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UK's Lord Malloch Brown Speaks About Tibet

Edited Transcript Of An Interview With Lord Malloch Brown On The BBC Radio 4 World This Weekend Programme

Lord Malloch Brown Speaks About Tibet

Brian Hanrahan, Presenter: Well the Foreign Office Minister, Lord Malloch Brown, joins us now. Good afternoon, Lord Malloch Brown.

Lord Malloch Brown, Foreign Office Minister: Good afternoon.

BH: The Foreign Secretary has called for restraint and dialogue. Is that a sufficiently robust response to this?

LMB: Well I think we've got to find out the facts. We're trying to get somebody up into...into Lhasa from Beijing to try and work out just how much violence there has been. The reports are still a little unclear. But I mean it's not just calling for restraint and dialogue. We want to see an end to the violence, we want to see killings on both sides stop and we will go on pressing both alone but also with the European Union through working with the Americans and others who share our concern and equally want to put pressure to get this situation back to normal.

BH: How much do you think the Chinese will take notice of you? They think this is a matter of internal security for them.

LMB: Well, you know, the same way they have reluctantly gone along with the regular human rights dialogues we have and the cases we raise with them. They don't like it but they recognise that if they are to be a global player, this is part of the responsibility they bear. So, you know, I think strategically through out policy of engagement with China and having people like the Prime Minister, Foreign secretary, myself, visit very regularly, the goal is to draw them in to the global economy with the implication that that requires an opening of their own political situation. And I...I think the Olympics are an important step in that direction.

BH: But if you don't make public statements about this, if you are mealy-mouthed and mute, as Nick Clegg put it, don't you encourage the Chinese to just push you to one side?

LMB: Well I don't think it's to do with the sort of stridency of the statement....statements at the beginning of this are going to determine the Chinese position. What will is the recognition that they're receiving in our messages to them, that with the Olympics ahead, you know, they really will pay a terrible cost in international public opinion if they're seen to violently crack down on dissidents. And, you know, I very much hope that they will take that to heart and that they will find a way to talk this through and start the dialogue which is long overdue in Tibet.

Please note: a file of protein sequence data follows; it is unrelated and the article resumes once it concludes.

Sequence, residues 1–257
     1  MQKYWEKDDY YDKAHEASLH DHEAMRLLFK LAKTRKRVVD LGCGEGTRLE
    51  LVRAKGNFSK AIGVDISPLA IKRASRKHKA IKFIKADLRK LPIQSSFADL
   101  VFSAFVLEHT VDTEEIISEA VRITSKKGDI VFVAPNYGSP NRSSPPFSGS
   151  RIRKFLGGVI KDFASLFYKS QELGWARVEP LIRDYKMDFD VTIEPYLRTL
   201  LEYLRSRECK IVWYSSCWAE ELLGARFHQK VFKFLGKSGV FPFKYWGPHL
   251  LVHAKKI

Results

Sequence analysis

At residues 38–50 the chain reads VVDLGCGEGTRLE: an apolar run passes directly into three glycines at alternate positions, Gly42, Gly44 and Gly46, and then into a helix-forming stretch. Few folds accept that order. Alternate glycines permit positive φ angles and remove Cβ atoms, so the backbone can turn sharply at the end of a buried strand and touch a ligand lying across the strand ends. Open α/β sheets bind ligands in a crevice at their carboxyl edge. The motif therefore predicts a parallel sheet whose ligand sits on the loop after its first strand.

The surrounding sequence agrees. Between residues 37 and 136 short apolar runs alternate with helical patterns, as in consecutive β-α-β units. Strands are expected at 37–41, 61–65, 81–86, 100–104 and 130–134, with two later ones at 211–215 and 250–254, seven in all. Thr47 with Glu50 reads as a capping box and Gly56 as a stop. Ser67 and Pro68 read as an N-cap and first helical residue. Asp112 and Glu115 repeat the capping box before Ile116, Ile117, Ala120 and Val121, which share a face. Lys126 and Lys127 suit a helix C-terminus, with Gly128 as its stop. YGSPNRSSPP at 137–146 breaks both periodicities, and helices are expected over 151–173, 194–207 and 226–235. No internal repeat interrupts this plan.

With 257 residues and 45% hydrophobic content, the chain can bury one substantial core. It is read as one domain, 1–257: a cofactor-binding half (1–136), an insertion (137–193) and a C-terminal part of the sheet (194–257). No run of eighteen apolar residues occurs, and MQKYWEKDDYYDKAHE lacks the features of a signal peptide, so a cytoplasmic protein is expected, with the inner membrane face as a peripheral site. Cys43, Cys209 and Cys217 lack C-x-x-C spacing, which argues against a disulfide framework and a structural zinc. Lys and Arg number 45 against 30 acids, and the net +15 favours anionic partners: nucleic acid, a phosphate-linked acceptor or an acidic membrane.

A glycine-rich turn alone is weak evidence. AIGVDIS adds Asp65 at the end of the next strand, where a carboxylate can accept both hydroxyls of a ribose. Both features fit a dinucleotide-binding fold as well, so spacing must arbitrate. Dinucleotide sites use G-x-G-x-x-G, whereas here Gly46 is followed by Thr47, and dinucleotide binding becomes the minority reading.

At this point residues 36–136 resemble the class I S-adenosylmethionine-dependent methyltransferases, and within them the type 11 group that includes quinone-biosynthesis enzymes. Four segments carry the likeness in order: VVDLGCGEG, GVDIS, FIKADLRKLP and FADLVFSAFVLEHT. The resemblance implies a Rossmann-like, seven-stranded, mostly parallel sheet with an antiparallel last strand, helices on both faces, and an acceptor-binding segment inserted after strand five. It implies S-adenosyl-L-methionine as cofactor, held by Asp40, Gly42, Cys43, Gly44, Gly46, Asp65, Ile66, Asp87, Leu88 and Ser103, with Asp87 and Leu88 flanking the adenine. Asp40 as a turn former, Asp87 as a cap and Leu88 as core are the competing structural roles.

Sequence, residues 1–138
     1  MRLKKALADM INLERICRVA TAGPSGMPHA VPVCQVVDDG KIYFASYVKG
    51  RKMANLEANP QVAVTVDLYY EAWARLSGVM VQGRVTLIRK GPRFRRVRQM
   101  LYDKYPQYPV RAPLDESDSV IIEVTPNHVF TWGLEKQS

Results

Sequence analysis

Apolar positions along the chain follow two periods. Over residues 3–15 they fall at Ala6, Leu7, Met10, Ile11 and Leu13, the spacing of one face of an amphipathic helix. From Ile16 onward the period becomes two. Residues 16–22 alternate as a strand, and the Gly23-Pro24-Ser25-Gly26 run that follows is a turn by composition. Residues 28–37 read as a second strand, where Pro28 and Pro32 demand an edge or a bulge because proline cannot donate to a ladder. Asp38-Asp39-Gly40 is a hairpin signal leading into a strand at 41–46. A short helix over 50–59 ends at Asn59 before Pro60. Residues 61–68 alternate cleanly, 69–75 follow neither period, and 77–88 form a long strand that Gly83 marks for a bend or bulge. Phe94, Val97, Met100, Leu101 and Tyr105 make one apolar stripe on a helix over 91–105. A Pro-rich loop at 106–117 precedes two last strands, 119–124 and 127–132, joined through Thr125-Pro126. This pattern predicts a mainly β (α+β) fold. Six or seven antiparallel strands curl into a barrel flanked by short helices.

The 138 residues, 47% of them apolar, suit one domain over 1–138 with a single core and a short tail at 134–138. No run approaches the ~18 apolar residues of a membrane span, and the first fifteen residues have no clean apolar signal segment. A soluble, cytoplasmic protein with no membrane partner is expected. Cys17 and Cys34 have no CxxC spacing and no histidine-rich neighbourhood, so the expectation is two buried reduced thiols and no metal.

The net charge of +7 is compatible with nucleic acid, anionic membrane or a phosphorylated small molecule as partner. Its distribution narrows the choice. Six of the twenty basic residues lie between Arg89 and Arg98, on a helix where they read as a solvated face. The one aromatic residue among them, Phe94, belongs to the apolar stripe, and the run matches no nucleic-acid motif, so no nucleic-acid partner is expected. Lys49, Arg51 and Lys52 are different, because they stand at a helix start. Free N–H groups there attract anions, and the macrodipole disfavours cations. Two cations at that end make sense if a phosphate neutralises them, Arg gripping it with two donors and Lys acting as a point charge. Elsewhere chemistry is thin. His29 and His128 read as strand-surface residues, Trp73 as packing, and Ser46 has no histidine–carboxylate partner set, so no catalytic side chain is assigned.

BH: We're hearing an ultimatum to demonstrators to give themselves up to avoid further violence. Similar language was used before Tiannamen according to people who were there at the time. Are you....are you concerned that the Chinese might be tempted to go the same way?

LMB: I think they'd be making a huge mistake and I'm sure there is a debate inside China. I happened to be passing through China Friday night, 36 hours ago, and was amazed to see that in my hotel room the CNN and BBC were blacked out every time Tibet came up. And then the next morning, yesterday morning, to see in the China Daily the only reference to what was happening being that...being that it was all the Dalai Lama's fault. Well, you know, that kind of political closeness is not going to work in a country which is about to host thousands of journalists and have hundreds of....well millions of...hundreds of millions of viewers of its Olympics. It's going to have to engage openly with this problem for its own reputation's sake.

BH: Given Hu Jin Tao's history in this affair which we've been hearing about, are you worried that the decision may go the wrong way?

LMB: Well again we're going to be pressing and doing all we can to make sure it doesn't and I think we are confident that this...that the China of 2008 is not the China of 20 years ago and while it still has these unfortunate, regrettable authoritarian tendencies in its politics, it is a much more open place, engaged with the world and internally engaged than it was then.

BH: Lord Malloch Brown, thank you.

ENDS

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